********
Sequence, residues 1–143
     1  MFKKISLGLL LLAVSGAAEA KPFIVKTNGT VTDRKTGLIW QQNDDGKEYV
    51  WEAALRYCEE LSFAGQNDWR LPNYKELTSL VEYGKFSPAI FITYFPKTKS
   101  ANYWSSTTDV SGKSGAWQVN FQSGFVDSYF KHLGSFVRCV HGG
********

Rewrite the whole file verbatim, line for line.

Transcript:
Sequence, residues 1–143
     1  MFKKISLGLL LLAVSGAAEA KPFIVKTNGT VTDRKTGLIW QQNDDGKEYV
    51  WEAALRYCEE LSFAGQNDWR LPNYKELTSL VEYGKFSPAI FITYFPKTKS
   101  ANYWSSTTDV SGKSGAWQVN FQSGFVDSYF KHLGSFVRCV HGG